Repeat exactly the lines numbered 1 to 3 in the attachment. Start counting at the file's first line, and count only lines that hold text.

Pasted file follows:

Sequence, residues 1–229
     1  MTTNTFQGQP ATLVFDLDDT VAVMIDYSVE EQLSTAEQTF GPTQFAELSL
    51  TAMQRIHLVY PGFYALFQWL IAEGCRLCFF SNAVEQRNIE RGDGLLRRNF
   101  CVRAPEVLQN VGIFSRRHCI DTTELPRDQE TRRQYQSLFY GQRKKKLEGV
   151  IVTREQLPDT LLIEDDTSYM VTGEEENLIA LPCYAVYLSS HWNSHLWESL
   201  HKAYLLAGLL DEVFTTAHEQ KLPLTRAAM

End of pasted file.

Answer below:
Sequence, residues 1–229
     1  MTTNTFQGQP ATLVFDLDDT VAVMIDYSVE EQLSTAEQTF GPTQFAELSL
    51  TAMQRIHLVY PGFYALFQWL IAEGCRLCFF SNAVEQRNIE RGDGLLRRNF